[Originally published in Movietone News 40, April 1975]
First things first: The way they say it in the movie is yaw-ku-zah and, as a headnote explains, the Yakuza were roughly parallel to the western’s good badmen—gamblers, con men, drifters with short swords and no samurai code of bushido to sustain them, sometime Robin Hood figures who stood between the defenseless and the marauders who would prey upon them. Yakuza stories within a modern gangster framework are immensely popular in the Japanese cinema, and Paul Schrader, former editor of the American film magazine Cinema, wrote a comprehensive survey of the genre for a Film Comment of about a year ago. Remarking therein that anyone who’d seen a few examples of this relentlessly formalized genre could write one himself, Schrader spoke from experience: his own The Yakuza, touched up a smidge by Robert Towne and formally permissive enough to incorporate some double-dealing American gangsters along with its Japanese pro- and antagonists, looked a likely enough successor to the kung-fu cycle in popularity that Warner Brothers paid a hefty price for the screenplay ($300,000, according to Newsweek).
Whether such a cycle I will materialize remains to be seen. Schrader and Towne, working from Leonard Schrader’s story, cook up enough variations on the themes of honor, betrayal, revenge, and bloody apology to satisfy anyone’s urge toward mythopoesis, but Sydney Pollack (who never even managed to establish that the They Shoot Horses, Don’t They? dance pavilion was located at the end of a seaside pier) manifests as much mythic sense as a mill foreman. Although there are some tongue-curling fight scenes involving yakuza superstar Takakura Ken and his short sword—with Robert Mitchum using a .45 and a 12-gauge to referee from the sidelines—the bulk of the film is as limp as a first reading; perhaps uncharitably, one tends to credit the action stuff to Takakura and the Japanese cameraman. Such failure of directorial responsiveness is fatal in a film that seeks to deal with the yakuza’s austere ethics and metaphysics, which makes existentialism sound like chamber-of-commerce optimism by contrast. Pollack even muffs reaction shots, playing Takakura’s ritual finger-cutting on Mitchum’s early-Fifties “Now I’ve seen everything!” take (audience laughter at Mitchum’s no-bullshit Western reaction to screwy Oriental inscrutability) and then preparing for Mitchum’s own self-mutilation with the same “What the hell am I doin’ here?” closeups (audience laughter at the certainty that ol’ Bob will say “Pass!” at the last moment). This is either incompetence or gross breach of faith with the material—neither prospect is flattering to Pollack. It remains only to wonder, distractedly, who is responsible for the dreamily pointless, film-school clever dissolves from Herb Edelman bringing Richard Jordan (wasted by Pollack) up to date on Mitchum’s past, to Mitchum himself making his way through present-day Tokyo streets to a rendezvous with that past; we keep losing Edelman’s commentary, picking up only key phrases, as if the film were saying, “You’ve heard all this before in a dozen movies”—as indeed we have. Was this a critic-turned-screenwriter designing a practical method for avoiding slavish visual coverage of a long verbal exposition, or a director gussying up his assignment with a little hack artiness?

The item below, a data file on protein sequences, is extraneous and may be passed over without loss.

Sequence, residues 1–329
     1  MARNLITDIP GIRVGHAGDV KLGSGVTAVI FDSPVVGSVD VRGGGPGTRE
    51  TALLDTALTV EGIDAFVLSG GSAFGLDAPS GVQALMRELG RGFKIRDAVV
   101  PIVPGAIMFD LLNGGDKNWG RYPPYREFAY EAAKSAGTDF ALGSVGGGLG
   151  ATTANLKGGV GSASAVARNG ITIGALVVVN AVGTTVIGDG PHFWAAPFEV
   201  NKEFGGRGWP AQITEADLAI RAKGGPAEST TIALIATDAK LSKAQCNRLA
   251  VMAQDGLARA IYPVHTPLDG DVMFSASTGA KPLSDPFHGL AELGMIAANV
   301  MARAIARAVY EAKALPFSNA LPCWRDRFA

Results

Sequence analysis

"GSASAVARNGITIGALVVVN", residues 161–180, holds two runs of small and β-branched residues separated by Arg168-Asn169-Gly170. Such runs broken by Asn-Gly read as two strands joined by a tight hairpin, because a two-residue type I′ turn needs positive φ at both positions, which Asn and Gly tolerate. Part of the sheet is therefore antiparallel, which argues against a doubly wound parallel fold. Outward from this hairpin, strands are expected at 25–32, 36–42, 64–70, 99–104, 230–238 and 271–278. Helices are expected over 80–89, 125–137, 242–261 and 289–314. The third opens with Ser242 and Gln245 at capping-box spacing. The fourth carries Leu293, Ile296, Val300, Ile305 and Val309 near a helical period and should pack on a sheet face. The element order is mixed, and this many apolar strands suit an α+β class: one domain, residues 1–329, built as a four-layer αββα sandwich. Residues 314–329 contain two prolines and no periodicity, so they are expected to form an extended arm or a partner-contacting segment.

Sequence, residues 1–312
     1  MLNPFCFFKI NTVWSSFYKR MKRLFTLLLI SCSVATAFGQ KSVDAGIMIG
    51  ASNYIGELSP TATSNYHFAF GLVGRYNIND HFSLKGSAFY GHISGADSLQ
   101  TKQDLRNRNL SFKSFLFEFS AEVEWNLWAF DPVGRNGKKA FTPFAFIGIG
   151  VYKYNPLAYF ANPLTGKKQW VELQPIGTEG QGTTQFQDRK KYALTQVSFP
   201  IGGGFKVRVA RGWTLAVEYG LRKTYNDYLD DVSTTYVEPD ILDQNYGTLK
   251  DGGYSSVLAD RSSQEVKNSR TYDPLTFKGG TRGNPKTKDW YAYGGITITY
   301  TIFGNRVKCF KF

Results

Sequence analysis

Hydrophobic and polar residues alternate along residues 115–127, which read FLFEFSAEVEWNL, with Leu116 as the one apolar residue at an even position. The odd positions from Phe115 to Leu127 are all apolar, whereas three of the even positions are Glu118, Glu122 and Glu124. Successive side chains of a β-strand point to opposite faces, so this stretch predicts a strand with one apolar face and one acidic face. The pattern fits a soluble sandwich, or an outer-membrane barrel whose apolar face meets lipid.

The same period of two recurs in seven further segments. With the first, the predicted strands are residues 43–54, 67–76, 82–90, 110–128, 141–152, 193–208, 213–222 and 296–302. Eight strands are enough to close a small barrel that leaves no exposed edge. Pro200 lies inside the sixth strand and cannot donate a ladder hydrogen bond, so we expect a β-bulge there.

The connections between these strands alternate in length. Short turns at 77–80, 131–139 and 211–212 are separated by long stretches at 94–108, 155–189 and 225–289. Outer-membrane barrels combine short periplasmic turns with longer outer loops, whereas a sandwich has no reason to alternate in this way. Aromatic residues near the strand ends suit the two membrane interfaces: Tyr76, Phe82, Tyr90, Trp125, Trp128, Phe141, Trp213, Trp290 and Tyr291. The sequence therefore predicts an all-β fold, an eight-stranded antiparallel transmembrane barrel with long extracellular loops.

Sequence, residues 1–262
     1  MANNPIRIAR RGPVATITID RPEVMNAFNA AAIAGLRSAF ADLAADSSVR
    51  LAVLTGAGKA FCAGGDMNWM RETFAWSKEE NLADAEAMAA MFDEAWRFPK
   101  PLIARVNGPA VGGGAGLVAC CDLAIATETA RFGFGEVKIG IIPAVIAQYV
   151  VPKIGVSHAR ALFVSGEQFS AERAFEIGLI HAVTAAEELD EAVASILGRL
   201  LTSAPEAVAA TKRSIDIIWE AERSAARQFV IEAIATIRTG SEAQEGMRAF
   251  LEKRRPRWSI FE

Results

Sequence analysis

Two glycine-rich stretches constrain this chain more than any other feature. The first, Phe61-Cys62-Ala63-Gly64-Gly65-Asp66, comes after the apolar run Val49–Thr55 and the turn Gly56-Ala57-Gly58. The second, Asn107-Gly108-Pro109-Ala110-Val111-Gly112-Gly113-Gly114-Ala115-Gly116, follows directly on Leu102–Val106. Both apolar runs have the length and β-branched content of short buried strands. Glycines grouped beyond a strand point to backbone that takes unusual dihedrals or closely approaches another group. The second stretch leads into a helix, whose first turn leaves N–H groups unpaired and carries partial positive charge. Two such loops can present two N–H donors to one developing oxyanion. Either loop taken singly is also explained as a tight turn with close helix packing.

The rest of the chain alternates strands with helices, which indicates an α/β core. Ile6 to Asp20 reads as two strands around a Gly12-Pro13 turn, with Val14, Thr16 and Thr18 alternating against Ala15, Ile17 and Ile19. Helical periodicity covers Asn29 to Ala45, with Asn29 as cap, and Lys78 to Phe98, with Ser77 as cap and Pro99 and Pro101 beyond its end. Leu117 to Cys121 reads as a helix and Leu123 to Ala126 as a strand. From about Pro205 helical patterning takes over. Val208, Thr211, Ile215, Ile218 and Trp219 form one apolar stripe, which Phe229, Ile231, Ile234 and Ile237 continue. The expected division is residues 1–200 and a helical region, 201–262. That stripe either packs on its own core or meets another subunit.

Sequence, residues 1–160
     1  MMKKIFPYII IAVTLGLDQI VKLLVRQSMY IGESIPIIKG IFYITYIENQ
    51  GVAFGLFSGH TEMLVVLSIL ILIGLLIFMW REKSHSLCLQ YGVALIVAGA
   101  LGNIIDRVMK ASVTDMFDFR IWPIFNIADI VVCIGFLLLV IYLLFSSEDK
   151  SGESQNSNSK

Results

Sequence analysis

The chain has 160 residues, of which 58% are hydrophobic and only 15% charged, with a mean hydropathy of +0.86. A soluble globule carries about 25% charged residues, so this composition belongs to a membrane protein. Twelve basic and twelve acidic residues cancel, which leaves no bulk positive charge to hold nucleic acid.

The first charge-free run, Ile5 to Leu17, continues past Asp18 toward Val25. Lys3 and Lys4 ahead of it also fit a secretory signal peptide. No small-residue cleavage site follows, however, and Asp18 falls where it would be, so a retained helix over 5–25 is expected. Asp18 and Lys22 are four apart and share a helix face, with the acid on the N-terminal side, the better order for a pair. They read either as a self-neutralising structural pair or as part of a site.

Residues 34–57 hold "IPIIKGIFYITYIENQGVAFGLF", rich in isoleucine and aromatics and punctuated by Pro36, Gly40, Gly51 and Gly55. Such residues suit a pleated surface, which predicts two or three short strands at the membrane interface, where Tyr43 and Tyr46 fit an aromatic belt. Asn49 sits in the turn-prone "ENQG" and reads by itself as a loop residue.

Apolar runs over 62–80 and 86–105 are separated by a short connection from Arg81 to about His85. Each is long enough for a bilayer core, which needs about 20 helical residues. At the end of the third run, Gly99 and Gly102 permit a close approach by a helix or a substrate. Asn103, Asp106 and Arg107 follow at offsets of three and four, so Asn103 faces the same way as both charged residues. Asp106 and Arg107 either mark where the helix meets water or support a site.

Direction: Sydney Pollack. Screenplay: Paul Schrader and Robert Towne, after a story by Leonard Schrader. Production design: Stephen Grimes; art direction: Yoshiyuki Ishida. Cinematography: Kôzô Okazaki. Music: Dave Grusin.
The Players: Robert Mitchum, Takakura Ken, Kishi Keiko, James Shigeta, Okada Eiji, Brian Keith, Richard Jordan, Herb Edelman, Christina Kokubo.
Copyright © 1975 by Richard T. Jameson